Stripped to the Bone: Portraits of Syrian Women | Ghada Alatrash | Book Review

stripped to the boneSUBJECT: 4/5

Syrians are probably the most unlucky people in this world. All the war and violence has not left them any peace let alone a normal family life.

Ghada Alatrash, in this compelling piece of fiction, brings to us a few portraits of Syrian women who have been scarred and burned because of the violence in their beloved country.

“Stripped to the Bone”, though a piece of fiction, is quite reflective (I believe) of all the tragedies and grief which Syrian women go through daily.

The book has seven stories or seven portraits of Syrian women. Each of the stories is named after the main character of the story, for example, Zahrah is the story of Zahrah and Ward the story of a woman called Ward.

Ghada Alatrash writes with finesse and the most enthralling quality of her writing lies in the fact that it is full of passion and love for her home country, Syria.

She speaks of Syria as the ancient land, which for ages, has been known for its culture and generosity.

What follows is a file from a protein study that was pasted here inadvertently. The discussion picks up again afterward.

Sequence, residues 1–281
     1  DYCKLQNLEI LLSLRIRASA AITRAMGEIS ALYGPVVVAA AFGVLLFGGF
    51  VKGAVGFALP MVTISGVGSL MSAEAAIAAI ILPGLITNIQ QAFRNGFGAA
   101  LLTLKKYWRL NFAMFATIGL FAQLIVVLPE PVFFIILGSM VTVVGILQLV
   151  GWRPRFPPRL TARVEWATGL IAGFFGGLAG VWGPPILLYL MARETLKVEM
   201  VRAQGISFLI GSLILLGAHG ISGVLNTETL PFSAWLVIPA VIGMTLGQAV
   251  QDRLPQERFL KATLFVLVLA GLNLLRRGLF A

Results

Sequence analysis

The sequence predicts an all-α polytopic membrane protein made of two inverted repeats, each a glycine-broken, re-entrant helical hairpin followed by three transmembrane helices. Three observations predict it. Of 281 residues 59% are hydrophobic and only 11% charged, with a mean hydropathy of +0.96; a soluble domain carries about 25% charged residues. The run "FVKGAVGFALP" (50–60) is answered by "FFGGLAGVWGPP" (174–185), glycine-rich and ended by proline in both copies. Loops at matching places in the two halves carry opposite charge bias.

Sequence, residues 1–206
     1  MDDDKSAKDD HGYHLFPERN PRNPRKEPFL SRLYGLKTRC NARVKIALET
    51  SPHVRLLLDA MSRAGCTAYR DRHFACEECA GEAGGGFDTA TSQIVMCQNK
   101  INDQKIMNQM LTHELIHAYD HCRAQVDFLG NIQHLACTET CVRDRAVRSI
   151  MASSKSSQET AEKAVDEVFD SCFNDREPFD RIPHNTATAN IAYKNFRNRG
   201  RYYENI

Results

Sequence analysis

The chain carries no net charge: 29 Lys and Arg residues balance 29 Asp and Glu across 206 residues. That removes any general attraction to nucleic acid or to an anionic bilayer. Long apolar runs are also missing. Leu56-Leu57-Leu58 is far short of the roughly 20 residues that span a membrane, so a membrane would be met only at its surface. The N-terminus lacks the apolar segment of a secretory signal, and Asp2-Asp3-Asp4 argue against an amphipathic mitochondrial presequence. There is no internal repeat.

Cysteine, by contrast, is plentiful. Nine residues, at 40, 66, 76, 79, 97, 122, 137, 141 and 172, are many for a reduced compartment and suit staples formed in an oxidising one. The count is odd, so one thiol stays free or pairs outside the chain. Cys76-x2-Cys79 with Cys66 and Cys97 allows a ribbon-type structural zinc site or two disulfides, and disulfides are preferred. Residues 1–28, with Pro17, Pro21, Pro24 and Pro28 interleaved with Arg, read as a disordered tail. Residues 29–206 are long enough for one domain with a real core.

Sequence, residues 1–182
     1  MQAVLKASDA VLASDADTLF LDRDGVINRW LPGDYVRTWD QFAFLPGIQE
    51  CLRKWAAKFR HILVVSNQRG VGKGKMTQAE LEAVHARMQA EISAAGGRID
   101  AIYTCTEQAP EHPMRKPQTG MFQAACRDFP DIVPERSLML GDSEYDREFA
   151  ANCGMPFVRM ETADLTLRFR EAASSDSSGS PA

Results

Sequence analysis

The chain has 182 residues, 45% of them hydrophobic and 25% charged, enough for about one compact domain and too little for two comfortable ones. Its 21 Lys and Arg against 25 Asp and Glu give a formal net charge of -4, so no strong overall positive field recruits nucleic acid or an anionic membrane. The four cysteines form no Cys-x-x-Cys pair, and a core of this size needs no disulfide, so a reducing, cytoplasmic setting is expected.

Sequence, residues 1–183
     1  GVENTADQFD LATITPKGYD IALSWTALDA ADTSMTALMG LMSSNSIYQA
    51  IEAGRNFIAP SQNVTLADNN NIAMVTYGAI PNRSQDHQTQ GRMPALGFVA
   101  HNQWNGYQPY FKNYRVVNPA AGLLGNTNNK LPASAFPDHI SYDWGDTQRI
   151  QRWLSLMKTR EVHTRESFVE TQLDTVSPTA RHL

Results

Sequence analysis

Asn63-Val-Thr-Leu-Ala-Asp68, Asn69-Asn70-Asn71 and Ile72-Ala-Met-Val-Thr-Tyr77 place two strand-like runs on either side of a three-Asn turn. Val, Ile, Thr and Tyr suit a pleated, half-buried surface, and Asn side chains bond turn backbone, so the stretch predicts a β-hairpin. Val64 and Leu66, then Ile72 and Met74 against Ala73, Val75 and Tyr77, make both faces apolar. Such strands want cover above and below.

By means of her fiction, she touches upon the topics which are closer to her heart – those which highlight the social evils and hypocrisy in today’s Syrian society and those where the women have to bear the brunt of a patriarchal society.

The plethora of Syrian women from various walks of life are brought to the front by her diverse portrayals and realistic storytelling.

What I also liked about the book was the Alatrash’s tendency to impart knowledge wherever she could.

Almost throughout the entire book, she has tried to explain the meanings of relevant Arabic and Persian words. She has also strived to highlight the culture of which she is so proud.

Another interesting and noteworthy thing is the beautiful poetry which the book is so full of. Ghada has included poetry from some of her favourite Syrian poets and interspersed that with her lovely fiction writing.

The resulting effect is purely intoxicating. “Stripped to the Bone”, I believe, is a very successful attempt to bring the reader to a closer understanding of Syrian people and their culture.

The book is also informative. I came to know many interesting facts about Syrian history.

Overall, the book is indeed a charming one and thus comes as a highly recommended read from me. I end this review by rating this book four out of five stars and with hopes of reading many more such beautiful works in future.

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